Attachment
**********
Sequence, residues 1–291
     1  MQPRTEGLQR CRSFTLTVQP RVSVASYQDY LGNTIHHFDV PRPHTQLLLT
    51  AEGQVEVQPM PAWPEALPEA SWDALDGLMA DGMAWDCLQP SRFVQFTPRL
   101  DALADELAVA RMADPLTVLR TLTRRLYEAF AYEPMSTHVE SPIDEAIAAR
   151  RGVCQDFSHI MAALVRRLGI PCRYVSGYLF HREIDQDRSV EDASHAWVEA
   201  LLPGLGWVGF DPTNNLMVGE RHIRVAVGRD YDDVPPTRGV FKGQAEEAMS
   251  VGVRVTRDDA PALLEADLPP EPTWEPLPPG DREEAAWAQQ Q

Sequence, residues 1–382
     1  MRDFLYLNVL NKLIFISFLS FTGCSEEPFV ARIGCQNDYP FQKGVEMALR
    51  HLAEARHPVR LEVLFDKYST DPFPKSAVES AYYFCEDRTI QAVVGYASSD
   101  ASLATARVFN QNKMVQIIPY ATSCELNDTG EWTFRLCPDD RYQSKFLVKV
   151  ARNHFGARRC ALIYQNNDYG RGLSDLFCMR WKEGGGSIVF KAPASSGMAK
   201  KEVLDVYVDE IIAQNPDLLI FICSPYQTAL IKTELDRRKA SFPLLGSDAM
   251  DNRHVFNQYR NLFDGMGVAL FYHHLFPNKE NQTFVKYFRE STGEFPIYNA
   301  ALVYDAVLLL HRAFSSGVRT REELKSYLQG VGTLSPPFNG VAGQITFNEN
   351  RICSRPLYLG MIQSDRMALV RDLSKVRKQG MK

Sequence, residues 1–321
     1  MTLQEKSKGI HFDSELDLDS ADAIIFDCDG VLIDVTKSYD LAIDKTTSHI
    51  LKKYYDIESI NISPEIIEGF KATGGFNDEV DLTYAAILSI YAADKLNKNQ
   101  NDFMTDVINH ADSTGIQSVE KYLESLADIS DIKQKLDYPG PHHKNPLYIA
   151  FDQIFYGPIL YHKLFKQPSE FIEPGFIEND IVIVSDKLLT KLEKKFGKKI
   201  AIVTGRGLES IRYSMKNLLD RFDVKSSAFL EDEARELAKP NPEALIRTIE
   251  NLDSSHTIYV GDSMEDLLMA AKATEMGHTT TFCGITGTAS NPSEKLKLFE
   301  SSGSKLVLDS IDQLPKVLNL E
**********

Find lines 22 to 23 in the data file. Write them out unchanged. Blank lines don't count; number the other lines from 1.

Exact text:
   201  AIVTGRGLES IRYSMKNLLD RFDVKSSAFL EDEARELAKP NPEALIRTIE
   251  NLDSSHTIYV GDSMEDLLMA AKATEMGHTT TFCGITGTAS NPSEKLKLFE